). Bias in estimated parameters in Phil’s case is due to the flying
start involved, while in John’s case, it is due to the reaction time involved in the split times.
1.4 How to overcome missing the initial force production when using timing gates?
The literature suggests using a correction factor of +0.5
s
as a viable solution (i.e., simply adding +0.5
s
to
split times) to convert to “first movement” triggering when utilizing recommended 0.5
m
flying distance
3/14
John (gunfire)
Mike (theoretical)
Phil (flying start)
1
2
3
4
5
5 10 20 30 40
Distance (m)
Time (s)
Figure 1. Phil, Mike, and John split times over a 40
m
distance. All three brothers have identical sprint
performances but utilize different sprint starts, resulting in different split times.
Table 2. Estimated sprint parameters for Mike, Phil, and John using data from Figure 1. All three
brothers have identical sprint performance but utilize different sprint starts, which results in different split
times, and thus different sprint parameter estimates. Due to the timing gates’ precision to 2 decimals (i.e.,
10 ms), estimated Mike’s parameters also differ from the true values.
Athlete MSS TAU MAC PMAX
True 9.00 1.12 8.00 18.0
Mike (theoretical) 9.02 1.14 7.94 17.9
Phil (flying start) 8.60 0.61 14.00 30.1
John (gunfire) 9.59 1.62 5.93 14.2
4/14
behind the initial timing gate (Haugen, Tønnessen & Seiler, 2012; Haugen & Buchheit, 2016; Haugen,
Breitsch
¨
adel & Seiler, 2019, 2020). Intriguingly, the average difference between the standing start with
a photocell trigger and a block start to gunfire for a 40-meter sprint was 0.27
s
(Haugen, Tønnessen &
Seiler, 2012). Consequently, although a timing correction factor is required to prevent further inaccuracies
in estimates of kinetic variables (e.g., overestimate power), a correction factor that is too big would have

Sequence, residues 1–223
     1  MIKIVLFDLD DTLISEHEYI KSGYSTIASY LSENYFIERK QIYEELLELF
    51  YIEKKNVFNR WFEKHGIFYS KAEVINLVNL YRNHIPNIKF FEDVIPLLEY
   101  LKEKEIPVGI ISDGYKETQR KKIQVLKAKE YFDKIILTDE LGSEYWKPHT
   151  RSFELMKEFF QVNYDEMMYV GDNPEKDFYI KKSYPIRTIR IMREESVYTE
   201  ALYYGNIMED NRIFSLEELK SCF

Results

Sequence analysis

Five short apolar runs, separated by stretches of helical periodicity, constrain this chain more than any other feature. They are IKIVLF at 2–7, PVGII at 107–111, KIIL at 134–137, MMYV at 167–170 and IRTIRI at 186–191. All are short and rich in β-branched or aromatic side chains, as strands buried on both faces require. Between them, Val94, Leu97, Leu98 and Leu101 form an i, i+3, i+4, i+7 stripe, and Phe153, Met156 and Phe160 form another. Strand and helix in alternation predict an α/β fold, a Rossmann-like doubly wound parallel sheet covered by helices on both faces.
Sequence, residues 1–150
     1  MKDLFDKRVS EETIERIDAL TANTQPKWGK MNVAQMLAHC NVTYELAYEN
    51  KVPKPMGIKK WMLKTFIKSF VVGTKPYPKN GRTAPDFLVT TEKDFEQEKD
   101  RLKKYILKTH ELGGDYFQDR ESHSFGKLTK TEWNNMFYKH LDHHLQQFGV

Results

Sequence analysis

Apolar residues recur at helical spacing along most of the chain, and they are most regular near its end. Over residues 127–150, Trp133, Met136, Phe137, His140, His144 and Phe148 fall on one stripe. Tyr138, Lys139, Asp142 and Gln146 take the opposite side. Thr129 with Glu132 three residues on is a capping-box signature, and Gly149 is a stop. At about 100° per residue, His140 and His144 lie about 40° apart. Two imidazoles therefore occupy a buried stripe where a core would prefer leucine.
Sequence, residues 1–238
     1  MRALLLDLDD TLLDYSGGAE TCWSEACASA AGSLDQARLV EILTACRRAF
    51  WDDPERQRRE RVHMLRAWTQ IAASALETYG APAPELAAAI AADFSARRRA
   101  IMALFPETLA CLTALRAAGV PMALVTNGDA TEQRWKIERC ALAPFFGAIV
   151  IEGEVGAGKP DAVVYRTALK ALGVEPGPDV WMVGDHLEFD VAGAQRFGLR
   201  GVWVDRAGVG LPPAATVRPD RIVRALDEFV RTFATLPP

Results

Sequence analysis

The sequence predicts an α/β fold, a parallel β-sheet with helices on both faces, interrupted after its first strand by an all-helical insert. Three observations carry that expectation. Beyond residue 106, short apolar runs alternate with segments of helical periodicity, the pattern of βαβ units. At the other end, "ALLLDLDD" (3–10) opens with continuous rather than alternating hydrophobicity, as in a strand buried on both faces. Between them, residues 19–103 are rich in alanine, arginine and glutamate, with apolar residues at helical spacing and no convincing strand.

the opposite effect (e.g., underestimate power).
1.4.1 Estimated time correction model
Instead of using apriori time correction from the literature, this parameter may be estimated using the
supplied data, together with MSS and TAU. Stenroth, Vartiainen & Karjalainen (2020) proposes the same
approach, titled the time shift method, and the estimated parameter, named the time shift parameter. In
accordance with the current literature, we have termed this parameter time correction (TC) (Vescovi &
Jovanovi´
c, 2021).
Using the original equation
(5)
to implement the TC parameter now provides the new equation
(7)
.
Equation
(7)
is utilized as the model definition in the Estimated TC model, as opposed to the model using
equation
(5)
, which I have termed No correction model. The model in which TC is fixed (i.e., by simply
adding TC to split times) is termed the Fixed TC model.
t(d) = TAU ×W(ed
MSS×T AU 1)+ d
MSS +T AU TC (7)
From a regression perspective, the TC parameter can be viewed as an intercept. It can be beneficial
when we assume a fixed time shift is involved (i.e., reaction time or premature triggering of the timing
equipment). If we compare the split times of Mike and John in Figure 1, we can notice that the lines
are parallel. In this scenario, the Estimated TC model can remove bias between Mike and John. The
Estimated TC model can also help remove bias in estimated parameters in Phil’s case. However, if we
look closely at Figure 1, we will notice that Phil’s and Mike’s lines are not parallel. This is because there
is already some velocity when the initial timing gate is triggered; thus, the time shift is not constant.
These models (i.e., Fixed TC of +0.3, +0.5
s
, and Estimate TC model) are applied to Mike, Phil, and
John’s split times. The estimated model parameters can be found in Table 3 and previously estimated
parameter values using No correction model. As can be noted from Table 3, adding +0.3
s
worked well